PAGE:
After the police hold a televised press conference telling the media that they’re pressing murder charges against Naz, a lawyer named Alison Crowe (Glenne Headly) decides she wants to be Naz’s attorney in the case. She takes one of her young associates (the girl is of Indian descent, but Crowe hopes she’s close enough to being Middle Eastern to appeal to Naz’s parents) with her on the visit and tells the family that she’s willing to take on the case for free. That’s enough for Naz’s father, who calls his son at Rikers to tell him that Stone is no longer his attorney.

When Stone comes to Rikers to visit Naz and drop off some clothes for him, he’s shocked to learn he’s no longer on the case. He goes to Alison’s office to confront her, but is told by Chandra (the Indian girl) that she’s not available. Stone figures out how Alison lured Naz’s parents into hiring her and berates Chandra for her involvement.

Back at Rikers, Naz is told that Freddy wants to have a meeting with him. During the course of the episode, we’ve learned a lot about this particular inmate. Given the number of boxing items in this cell, he appears to have been a former prize fighter (and a successful one), and he also has a very close relationship with most of the guards. He even has sex and receives drugs from one of the female officers. When Naz meets with Freddy in his cell, Freddy tells him that he’s a “celebrity” at Rikers – and not in a good way. The other inmates want to kill him because they believe he raped and murdered a young girl. Freddy then offers to protect Naz, but Naz refuses (or, at the very least, doesn’t give an answer). Naz may wind up changing his mind, however, as when he leaves his bed in the middle of the night to use the bathroom (do they really let prisoners get up and wander off like that on their own?), he returns to find the inmates have set his bed on fire and are giving him really nasty looks.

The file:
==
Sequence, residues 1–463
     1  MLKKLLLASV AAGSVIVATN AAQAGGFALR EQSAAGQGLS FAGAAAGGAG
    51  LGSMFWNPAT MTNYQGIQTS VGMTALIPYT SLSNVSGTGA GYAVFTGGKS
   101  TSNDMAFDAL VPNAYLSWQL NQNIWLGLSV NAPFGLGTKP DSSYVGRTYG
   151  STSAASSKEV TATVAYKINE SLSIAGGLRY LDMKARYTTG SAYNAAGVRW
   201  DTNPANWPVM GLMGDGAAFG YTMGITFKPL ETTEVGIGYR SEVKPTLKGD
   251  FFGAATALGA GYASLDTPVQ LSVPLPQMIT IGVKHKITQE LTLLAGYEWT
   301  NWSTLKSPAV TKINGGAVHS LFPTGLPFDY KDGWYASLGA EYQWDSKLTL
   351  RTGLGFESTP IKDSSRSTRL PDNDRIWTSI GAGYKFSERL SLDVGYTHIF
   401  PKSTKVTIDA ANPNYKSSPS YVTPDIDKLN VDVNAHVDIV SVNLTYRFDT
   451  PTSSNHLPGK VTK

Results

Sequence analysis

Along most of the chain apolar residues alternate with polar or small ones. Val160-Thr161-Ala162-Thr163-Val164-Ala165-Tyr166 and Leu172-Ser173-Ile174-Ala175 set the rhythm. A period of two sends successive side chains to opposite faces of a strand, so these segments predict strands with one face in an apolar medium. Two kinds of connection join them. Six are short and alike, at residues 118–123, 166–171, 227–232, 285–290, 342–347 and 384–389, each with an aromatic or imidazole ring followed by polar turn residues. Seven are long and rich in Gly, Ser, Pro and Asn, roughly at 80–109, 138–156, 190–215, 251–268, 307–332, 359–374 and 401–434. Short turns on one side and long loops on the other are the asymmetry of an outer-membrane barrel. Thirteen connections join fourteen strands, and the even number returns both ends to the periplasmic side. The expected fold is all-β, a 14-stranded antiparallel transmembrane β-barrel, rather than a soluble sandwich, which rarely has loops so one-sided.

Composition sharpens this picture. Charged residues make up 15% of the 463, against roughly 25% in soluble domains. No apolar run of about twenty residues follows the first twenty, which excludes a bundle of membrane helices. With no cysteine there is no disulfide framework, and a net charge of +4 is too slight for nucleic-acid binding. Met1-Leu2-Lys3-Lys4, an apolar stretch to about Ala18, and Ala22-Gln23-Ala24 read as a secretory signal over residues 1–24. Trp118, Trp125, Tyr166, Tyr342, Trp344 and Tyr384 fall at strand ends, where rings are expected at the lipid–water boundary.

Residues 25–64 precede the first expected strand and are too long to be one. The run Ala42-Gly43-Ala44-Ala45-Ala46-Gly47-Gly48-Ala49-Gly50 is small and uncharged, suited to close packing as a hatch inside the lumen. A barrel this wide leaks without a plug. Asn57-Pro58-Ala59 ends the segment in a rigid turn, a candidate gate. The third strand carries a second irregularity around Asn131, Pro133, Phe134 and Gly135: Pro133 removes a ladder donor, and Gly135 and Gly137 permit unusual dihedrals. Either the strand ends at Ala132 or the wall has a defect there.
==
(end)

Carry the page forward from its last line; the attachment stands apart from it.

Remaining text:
This is an entertaining episode to be sure, but unless Freddy is going to play a significant role in the ongoing story (I still can’t figure out exactly why he wants to protect Naz, nor does the episode give us any hint of what he expects in return), this entry may just seem like a lot of filler once the whole story has played out. Also, it’s pretty much guaranteed that Stone will wind up defending Naz at his trial after all, so why even waste time going down that road in the screenplay? As I said earlier, a lot of this seems like material just to stretch out the story over eight episodes.